Proud to have bossed Town

GEORGE Burley and Ipswich were unable to sustain their initial success in the cut-throat world of the Premiership.

Nick Garnham

GEORGE Burley and Ipswich were unable to sustain their initial success in the cut-throat world of the Premiership.

The big-money signings of Italian goalkeeper Matteo Sereni and Nigerian winger Finidi George ahead of the 2001/02 campaign did not have the desired effect of consolidating the club's position among the country's elite. Although both produced some good individual performances, the team struggled in their second season in the top flight and Ipswich were relegated in May 2002.

After a disappointing start to life back in Division One Burley was sacked on October 11, 2002.

He reflected: “As a football manager you know that at some point you are going to leave. I am proud of the record I had at Ipswich - four play-offs, promotion and two years in Europe - I have so many happy memories, but you know you have to move on. I have no regrets at all.

“You are making decisions every day and you never get them all right. Even Bobby Robson and Alex Ferguson don't get them all right.

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“Maybe I could have done things differently and often you are wiser after the event, but you are judged on your record and you have to stand up and be counted and I am proud of my record.”

Burley's cause at Ipswich in that second season was not helped by the absence of Dale Roberts, his assistant, whose ill health saw him fighting an altogether different battle to the threat of relegation.

Burley reflected: “Dale was my best friend in the youth team at Ipswich and was one of those people you knew you could rely on. Unfortunately Dale passed away through cancer, which is a big blow to anybody. You can't put things in black and white, but Dale was a major part of me both as a player and backroom member of staff.”

After leaving Ipswich Burley was placed in interim charge of Derby County in 2003 while permanent manager John Gregory was suspended. He managed to prevent Derby from being relegated from the First Division just a season after dropping out of the Premiership.

He was then appointed manager after Gregory was sacked and the 2003/04 season was often a struggle, but the following season he transformed Derby into promotion contenders and they finished fourth before losing in the play-off semi-finals.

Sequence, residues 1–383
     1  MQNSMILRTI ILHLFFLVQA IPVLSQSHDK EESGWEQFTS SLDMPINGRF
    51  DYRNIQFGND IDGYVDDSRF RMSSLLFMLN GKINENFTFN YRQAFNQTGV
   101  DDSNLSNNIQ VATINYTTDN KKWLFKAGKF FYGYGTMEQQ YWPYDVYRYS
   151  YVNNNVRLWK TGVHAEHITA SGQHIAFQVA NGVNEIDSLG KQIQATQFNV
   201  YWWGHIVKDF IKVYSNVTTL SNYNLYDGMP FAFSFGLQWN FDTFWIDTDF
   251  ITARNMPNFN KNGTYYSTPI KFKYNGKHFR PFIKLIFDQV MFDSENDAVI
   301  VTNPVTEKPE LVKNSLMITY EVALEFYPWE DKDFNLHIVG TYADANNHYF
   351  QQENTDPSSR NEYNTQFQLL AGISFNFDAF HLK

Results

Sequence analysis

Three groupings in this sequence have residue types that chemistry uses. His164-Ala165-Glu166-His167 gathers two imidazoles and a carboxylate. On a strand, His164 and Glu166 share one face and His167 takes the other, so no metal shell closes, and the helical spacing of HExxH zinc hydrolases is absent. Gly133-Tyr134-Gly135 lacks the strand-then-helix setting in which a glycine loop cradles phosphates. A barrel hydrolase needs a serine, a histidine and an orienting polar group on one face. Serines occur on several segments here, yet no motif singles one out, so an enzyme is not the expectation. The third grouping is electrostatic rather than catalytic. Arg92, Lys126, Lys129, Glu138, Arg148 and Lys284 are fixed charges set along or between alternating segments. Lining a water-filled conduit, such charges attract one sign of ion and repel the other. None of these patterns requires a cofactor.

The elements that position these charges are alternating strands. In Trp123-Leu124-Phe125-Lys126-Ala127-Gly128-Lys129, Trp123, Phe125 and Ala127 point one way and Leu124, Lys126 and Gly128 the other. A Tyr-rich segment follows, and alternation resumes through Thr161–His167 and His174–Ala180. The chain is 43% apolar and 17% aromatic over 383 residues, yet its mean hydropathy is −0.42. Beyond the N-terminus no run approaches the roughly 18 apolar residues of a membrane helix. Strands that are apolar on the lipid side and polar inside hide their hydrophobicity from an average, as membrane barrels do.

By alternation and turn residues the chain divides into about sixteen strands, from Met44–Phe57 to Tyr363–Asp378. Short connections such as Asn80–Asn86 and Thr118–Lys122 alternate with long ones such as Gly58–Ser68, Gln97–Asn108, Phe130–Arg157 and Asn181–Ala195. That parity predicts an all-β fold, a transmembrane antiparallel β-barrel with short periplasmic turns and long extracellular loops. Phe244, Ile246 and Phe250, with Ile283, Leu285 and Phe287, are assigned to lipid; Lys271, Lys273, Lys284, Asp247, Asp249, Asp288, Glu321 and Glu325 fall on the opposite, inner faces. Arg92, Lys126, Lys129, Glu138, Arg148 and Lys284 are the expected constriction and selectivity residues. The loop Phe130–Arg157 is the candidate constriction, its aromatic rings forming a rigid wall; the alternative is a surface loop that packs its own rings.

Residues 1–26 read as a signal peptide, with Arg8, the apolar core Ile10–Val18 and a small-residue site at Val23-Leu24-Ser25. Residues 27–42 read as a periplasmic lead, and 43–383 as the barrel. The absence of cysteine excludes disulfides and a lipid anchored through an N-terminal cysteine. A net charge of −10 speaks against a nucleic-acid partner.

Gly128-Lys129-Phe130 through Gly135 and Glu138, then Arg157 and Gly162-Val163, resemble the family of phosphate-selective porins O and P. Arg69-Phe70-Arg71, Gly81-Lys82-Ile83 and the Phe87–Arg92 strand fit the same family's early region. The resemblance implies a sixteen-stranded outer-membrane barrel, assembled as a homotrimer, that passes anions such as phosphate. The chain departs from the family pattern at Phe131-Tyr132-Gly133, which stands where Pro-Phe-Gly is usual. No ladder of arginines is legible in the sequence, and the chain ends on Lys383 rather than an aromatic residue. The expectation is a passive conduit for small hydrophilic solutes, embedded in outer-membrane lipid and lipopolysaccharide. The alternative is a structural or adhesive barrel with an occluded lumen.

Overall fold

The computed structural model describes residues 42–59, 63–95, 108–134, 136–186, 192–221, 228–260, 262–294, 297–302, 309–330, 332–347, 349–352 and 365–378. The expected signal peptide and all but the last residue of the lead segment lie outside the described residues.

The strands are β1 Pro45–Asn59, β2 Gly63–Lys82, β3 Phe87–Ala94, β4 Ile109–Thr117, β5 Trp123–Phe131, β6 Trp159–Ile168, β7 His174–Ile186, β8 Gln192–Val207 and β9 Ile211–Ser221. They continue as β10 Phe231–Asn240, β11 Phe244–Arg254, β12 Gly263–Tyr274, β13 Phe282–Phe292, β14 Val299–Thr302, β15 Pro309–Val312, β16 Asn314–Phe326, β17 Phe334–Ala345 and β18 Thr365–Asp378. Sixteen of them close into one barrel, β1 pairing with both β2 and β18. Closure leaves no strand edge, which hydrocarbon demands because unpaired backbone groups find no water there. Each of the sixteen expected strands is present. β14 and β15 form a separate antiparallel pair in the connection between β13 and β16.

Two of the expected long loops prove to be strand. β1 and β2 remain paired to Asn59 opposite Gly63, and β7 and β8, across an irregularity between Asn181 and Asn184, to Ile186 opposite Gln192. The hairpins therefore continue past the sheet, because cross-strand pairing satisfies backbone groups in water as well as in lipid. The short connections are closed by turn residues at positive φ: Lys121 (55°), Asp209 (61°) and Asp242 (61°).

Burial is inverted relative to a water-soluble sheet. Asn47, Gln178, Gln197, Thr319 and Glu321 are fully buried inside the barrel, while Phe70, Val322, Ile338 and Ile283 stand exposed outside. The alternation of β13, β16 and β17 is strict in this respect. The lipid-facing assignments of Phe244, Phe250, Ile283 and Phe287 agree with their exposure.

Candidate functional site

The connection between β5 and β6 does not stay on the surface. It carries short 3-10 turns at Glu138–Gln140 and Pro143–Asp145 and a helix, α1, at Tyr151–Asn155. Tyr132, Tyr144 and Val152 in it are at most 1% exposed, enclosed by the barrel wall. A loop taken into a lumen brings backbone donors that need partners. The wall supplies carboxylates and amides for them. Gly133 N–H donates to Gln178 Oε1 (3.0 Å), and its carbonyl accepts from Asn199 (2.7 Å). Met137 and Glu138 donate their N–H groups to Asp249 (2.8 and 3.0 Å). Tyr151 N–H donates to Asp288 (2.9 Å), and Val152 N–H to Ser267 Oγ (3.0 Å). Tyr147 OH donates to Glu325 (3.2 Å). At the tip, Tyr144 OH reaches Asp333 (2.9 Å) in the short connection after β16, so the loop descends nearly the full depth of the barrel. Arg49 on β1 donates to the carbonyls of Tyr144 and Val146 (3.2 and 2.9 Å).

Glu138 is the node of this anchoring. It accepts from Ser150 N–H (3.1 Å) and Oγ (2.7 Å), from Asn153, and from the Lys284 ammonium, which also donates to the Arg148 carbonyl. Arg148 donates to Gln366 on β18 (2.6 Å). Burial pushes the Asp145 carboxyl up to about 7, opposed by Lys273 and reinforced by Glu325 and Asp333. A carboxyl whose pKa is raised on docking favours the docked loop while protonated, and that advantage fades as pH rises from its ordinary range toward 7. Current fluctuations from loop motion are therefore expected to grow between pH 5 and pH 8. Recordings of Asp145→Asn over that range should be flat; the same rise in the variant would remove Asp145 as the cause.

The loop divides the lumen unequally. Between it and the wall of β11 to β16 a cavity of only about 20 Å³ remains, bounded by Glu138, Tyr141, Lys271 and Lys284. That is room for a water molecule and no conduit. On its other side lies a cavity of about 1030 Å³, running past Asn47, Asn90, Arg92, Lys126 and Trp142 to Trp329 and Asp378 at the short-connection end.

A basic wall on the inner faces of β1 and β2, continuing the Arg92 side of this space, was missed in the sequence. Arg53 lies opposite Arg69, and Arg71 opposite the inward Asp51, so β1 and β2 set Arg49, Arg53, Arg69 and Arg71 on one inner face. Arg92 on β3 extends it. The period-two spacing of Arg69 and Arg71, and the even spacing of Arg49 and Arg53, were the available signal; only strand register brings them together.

His relationship with Murdo Mackay, the club's director of football, and the club's board was strained and he resigned in June 2005.

Within days he was appointed manager of Hearts and a stunning start to the season saw them top of the Scottish Premier League. But after just 12 games in charge - nine wins, two draws and one defeat - Burley left by mutual consent after Vladimir Romanov, the major shareholder with whom Burley had an uneasy relationship, announced his bid to take private control of the club.

Burley took over as head coach at Southampton in December 2005 following the departure of Harry Redknapp, who left and rejoined Portsmouth.

His title was subsequently changed to “manager” following a change in control to the club and he guided Southampton to the Coca-Cola Championship play-offs in 2006/07 where they lost to former club Derby in a penalty shoot-out, with Derby going on to win the final.

Southampton were forced to sell some of their star players in the summer and it was no surprise that they were struggling this season, and some Saints fans were calling for Burley's head.

On January 23 Burley was announced as the new manager of Scotland, and to date has overseen one international match, a 1-1 draw against Croatia.

He said: “It was a great honour for me to be asked to manage my country. Scotland has got so many top-class managers and a reputation for producing some of the best of all time.

“It has been great so far. It is really different to being a club manager. You are not doing the every day things that a club manager does. It is different but really busy at certain times and quiet at other times.

“I have spent a lot of time watching games, going round the country looking at different players and trying to improve the squad.

“It is a big challenge. I took the job knowing the World Cup is coming up in South Africa in 2010. To be given the chance to try to take your country to the World Cup finals is something I will do to the best of my ability.”

As well as taking in matches both sides of the border - there are a lot of Scottish players based in England - Burley has been busy attending various functions on behalf of the Scottish FA as well as dealing with the media.

Burley, who is being assisted by former Ipswich Town team-mate Terry Butcher, said: “I have known Terry since my playing days. He has good experience of the Scottish scene as a player and manager over the past 20 years and it is great that he has joined up with me.”

Burley, who lived with his family in Holbrook while manager at Portman Road, now lives in London with wife Jill, who still owns a clothes shop in Ipswich. The couple are due to celebrate their 30th wedding anniversary in July.

They are looking to move to Edinburgh, where 22-year-old daughter Lisa is already working as a PA. Sons Andrew, 28, and Stuart, 26, who does sports promos for Sky TV, both work in London.

Burley still keeps in touch with several of his ex-Ipswich team-mates, including goalkeeper Paul Cooper, who is now based in Tenerife. He was last at Portman Road with former club Southampton in November 2007, when Ipswich won 2-0.